• Threats– Suicidal people are often reaching out for help. They may say things such as ‘no-one will miss me’ or making threats to kill themselves.
  • Research – Someone suicidal may research methodology and may purchase items related to the act such as pesticides. They may store up their prescription medication for when the time is right for them.
  • Communication – Often people go internal when they are not mentally feeling well. They may stop using social media and not responding to texts or phone calls. They may express worthlessness and not want to bother you.
  • Behaviour changes – If you know the person fairly well you may notice slight behaviour changes. The changes could include someone being more irritable, experiencing mood swings, faking happiness and acting recklessly.

 

Why might someone be suicidal?

 

There are many reasons why a person may be considering suicide. Some of the more common reasons are usually related to emotions and thoughts. The person may feel hopeless, overwhelmed and generally feel life is unbearable. It might be that that they feel worthless and that they would be better off dead. They may feel they are burdensome to others and their loved ones would be better off without them. It’s possible that they think their problems are so great that suicide is the only solution and would be a relief. Some people feel guilty for even thinking about suicide.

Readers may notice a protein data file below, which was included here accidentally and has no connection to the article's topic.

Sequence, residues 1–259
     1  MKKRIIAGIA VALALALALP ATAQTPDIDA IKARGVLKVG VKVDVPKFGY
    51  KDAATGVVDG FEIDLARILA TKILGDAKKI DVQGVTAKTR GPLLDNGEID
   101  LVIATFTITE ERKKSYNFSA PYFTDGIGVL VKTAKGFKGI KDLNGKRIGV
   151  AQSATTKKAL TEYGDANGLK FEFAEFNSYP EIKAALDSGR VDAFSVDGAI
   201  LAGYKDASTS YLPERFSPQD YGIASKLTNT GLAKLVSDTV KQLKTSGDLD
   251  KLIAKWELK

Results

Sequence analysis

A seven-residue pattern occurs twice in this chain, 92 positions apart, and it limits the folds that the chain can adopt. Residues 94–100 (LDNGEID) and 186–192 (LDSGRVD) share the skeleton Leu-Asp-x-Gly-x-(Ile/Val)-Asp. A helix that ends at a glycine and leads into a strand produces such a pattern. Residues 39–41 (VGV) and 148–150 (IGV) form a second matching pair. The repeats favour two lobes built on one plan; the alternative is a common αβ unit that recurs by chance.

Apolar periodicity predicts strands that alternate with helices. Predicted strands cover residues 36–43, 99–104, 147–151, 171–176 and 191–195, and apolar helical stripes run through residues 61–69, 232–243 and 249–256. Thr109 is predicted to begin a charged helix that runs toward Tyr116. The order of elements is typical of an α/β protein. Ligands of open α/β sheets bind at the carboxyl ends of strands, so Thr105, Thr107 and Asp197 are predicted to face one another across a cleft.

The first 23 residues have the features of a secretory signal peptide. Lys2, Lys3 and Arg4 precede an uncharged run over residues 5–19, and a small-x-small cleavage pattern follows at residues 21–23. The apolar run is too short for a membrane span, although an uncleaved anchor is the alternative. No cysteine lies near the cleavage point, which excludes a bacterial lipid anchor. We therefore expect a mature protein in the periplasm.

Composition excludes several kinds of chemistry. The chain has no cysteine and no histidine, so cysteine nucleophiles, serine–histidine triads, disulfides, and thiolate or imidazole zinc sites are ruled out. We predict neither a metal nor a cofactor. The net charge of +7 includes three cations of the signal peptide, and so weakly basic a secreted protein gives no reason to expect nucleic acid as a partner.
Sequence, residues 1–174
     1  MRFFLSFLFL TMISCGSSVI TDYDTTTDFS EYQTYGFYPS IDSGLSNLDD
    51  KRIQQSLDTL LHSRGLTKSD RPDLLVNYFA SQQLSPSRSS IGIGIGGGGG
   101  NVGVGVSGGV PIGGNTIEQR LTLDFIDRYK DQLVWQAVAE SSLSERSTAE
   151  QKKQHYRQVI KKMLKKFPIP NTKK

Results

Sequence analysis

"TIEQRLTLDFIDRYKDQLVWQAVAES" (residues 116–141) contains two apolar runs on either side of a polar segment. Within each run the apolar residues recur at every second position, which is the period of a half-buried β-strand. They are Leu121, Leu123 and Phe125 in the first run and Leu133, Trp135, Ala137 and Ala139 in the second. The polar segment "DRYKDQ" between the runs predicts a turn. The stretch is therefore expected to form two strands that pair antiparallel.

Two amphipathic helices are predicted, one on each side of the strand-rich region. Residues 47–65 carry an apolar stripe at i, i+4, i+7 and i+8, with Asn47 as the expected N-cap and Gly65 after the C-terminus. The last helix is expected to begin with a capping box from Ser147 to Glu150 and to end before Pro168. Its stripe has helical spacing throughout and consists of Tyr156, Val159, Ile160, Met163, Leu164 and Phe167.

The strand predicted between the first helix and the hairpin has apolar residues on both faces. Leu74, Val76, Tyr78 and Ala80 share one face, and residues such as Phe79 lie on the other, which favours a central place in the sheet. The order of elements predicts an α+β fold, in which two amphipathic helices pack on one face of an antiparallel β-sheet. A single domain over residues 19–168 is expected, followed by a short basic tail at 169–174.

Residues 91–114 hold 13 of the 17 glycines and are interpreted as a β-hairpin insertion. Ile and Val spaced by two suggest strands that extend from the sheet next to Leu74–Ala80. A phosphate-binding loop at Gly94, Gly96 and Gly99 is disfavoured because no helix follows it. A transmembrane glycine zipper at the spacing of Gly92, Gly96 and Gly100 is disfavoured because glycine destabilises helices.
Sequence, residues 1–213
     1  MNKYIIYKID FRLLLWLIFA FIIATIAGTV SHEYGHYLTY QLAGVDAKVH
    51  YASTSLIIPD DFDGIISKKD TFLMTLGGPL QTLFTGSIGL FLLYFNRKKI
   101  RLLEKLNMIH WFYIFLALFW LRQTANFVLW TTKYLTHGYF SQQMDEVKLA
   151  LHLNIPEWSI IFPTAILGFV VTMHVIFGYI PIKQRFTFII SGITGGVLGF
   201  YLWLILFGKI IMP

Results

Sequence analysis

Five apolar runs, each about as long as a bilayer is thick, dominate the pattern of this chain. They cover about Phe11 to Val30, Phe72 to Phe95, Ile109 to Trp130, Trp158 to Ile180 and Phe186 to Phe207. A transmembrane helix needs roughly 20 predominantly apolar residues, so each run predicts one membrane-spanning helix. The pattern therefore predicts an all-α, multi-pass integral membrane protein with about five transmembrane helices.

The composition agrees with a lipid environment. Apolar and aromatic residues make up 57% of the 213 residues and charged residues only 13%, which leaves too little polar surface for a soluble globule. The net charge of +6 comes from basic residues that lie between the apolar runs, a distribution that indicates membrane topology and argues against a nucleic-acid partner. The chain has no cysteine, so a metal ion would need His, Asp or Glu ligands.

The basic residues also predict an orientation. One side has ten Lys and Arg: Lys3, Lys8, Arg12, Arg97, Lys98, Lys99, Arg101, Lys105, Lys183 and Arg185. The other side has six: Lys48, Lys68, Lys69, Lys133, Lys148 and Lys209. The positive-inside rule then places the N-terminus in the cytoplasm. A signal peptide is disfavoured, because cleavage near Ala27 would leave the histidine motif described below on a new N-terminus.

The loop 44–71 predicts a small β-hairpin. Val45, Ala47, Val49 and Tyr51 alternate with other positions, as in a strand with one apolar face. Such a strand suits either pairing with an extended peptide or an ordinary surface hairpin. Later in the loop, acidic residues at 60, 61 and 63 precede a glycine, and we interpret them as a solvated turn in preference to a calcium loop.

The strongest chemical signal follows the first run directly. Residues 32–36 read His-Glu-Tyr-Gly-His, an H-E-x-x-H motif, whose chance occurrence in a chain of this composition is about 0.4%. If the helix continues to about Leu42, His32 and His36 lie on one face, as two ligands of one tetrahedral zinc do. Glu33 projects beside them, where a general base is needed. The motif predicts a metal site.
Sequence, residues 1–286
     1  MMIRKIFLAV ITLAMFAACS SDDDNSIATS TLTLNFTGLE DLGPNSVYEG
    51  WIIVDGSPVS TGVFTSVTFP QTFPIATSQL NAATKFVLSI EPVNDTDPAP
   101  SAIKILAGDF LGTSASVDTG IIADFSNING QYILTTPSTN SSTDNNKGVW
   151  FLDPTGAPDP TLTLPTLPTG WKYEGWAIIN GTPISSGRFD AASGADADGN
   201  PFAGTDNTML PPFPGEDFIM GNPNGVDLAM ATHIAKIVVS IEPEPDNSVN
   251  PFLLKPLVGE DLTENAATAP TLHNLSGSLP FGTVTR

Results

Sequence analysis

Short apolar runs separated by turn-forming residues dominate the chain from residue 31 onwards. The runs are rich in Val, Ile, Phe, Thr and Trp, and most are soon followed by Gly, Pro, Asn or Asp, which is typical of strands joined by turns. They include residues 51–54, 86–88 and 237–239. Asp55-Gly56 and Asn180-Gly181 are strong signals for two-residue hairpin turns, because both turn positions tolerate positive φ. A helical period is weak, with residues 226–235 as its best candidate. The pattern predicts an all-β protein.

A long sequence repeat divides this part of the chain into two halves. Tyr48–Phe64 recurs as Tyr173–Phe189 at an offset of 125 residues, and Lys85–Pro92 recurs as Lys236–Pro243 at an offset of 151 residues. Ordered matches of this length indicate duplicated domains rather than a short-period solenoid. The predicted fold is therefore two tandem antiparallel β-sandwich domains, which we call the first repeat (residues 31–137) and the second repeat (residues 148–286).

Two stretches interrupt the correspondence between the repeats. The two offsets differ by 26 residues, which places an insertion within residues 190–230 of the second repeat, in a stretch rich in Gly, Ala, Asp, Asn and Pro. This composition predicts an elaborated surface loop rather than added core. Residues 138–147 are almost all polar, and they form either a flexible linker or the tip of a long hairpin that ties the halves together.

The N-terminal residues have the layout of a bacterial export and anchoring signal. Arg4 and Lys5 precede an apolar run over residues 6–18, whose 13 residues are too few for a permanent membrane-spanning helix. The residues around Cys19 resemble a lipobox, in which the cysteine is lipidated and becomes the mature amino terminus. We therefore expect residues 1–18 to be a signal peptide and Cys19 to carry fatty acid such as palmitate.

• Feeling a burden to others
  • Feelings of worthlessness
  • Feel life is unbearable
  • Feeling lonely and / or unloved
  • Think problems are too great

 

Some Common Thoughts

 

Many people suffer with intrusive thoughts including ones about suicide and death. If someone is feeling suicidal, they may have similar thoughts to those listed below.

  • I’ve let myself and other people down.
  • I am a burden.
  • I’m a failure.
  • No one needs me.
  • What’s the point in living?
  • I will never find a solution to my problem.
  • I have lost everything.
  • Things will never get better for me.
  • Nobody cares about me.
  • I’ll show them what they have done to me.

 

Who is at risk?